Monday 23 June 2014

Skaven / Dystopia "S/t" split Lp 1996

About a year ago, I posted one true crust classic with the Misery/SDS split Lp, with one of my most epic review to this day. And because I am aware I am one of the leading voices of the internet (after all, it is no coincidence if the Queen of England herself, when asked what her favourite blogs were, replied: "Terminal Sound Nuisance, definitely. Top writing from a top geezer and quality punk-rock from a true connoisseur. Each time I read it, I want to abolish myself.") I think it is high time I deal with another true (or cvlt as some wankers would have it) 90's classic: the Skaven/Dystopia Lp.

As you know, I am one to follow the news and lately I got hold of the wonderful Skaven discography Lp that the mighty Skuld Releases just unleashed (it did take five years to come out though... Good thing I didn't hold my breath). If you have to buy just one record this month, that should be this one. The songs have been tastefully remastered, the artwork is sick, there are two posters included, honestly it couldn't have been done better. However relatively obscure Skaven are, they remain one of the most potent American crust bands ever and one could only wish they had sticked around a little longer, at least long enough to record a full Lp.

Skaven were from Oakland and formed in 1995. Apparently, they rose from the ashes of a punky black-metal band called Black Maggot, which I have sadly never heard (assuming they recorded anything at all), a significant fact since there is a distinct, almost foundational, black-metal feel, to Skaven's music and songwriting. Although I remain largely unconvinced by most current bands trying to blend black-metal and crust or hardcore (Order of the Vulture, Dazd and Summon the Crows being two good exceptions), Skaven managed to pull it in a terrific fashion, probably because they did it effortlessly, just because it made sense to them, as if the cross basically just happened. There is an occult atmosphere in Skaven's music that is enhanced by the mean, gnarly vocals. However, don't picture some wankers arsing around in a dark forest dressed like cheap actors from an 80's Italian barbarian movie. No, if anything, the band's sense of evil comes from a filthy sewer where crusty punks would wait recklessly for an apocalypse that never comes, getting really drunk and listening heavily to Deviated Instinct and Bathory in the process. Claustrophobic, uncontrollable and insane.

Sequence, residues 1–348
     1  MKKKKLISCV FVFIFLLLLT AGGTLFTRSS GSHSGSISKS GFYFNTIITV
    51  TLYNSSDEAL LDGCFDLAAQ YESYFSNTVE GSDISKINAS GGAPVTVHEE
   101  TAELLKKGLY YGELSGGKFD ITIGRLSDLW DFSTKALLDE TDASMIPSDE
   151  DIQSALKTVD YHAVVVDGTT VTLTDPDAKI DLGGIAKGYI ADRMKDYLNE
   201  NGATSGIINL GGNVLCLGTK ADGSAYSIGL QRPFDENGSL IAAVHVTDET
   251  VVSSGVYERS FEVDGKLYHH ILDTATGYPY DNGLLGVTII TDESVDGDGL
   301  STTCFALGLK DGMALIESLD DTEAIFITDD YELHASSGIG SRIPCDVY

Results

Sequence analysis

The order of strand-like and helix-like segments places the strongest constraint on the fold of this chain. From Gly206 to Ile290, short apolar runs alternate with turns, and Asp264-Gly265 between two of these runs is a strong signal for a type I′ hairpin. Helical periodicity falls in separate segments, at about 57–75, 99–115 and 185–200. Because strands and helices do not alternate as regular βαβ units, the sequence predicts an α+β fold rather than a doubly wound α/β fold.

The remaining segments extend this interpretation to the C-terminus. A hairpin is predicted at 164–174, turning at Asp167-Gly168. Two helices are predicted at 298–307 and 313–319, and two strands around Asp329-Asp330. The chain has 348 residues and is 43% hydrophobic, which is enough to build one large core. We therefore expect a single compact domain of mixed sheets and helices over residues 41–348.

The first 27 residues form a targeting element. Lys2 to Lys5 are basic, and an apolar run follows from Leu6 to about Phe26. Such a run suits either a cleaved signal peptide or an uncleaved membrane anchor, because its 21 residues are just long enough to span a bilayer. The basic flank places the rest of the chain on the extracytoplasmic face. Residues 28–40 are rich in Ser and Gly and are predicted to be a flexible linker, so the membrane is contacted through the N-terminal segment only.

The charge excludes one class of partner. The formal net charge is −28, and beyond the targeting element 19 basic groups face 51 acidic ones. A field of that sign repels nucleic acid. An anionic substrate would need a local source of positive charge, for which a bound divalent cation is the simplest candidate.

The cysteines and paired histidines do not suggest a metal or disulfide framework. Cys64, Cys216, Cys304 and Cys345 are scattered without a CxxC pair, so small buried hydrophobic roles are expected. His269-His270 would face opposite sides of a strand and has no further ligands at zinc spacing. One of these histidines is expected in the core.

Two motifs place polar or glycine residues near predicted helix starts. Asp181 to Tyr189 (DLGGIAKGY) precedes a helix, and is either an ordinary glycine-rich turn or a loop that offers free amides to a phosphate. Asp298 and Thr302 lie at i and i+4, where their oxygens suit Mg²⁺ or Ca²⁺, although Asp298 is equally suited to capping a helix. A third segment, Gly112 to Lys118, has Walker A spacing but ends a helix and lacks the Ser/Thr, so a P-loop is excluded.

As I see it, Skaven are very much heirs of the late 80's/early 90's Californian crust scene, a wave that had disappeared by 1996 (with the worthy exception of... Dystopia). You can actually hear influences from bands belonging to the aforementioned scene like Glycine Max, A//Solution or Apocalypse in the music, as well as classic UK crust like Deviated Instinct or Mortal Terror, with early Misery coming to mind too, and black metal bands like Bathory, Possessed or Samael. Skaven's strong point however lies in their intent to create a proper soundscape, to literally build a sonic atmosphere of their own, and in that respect the fact that they were playing with two bass guitars certainly helped. Although undeniably heavy, the band didn't really rely on heaviness or speed in order to crush you. Rather, they used twisted song structures with multilayered bass and guitar parts that manage to take the listener by surprise while still making complete sense. The music is dark, really dark, but is not sorrowful. It reeks of madness, desperation but remains really organic, slimy, festering, swarming.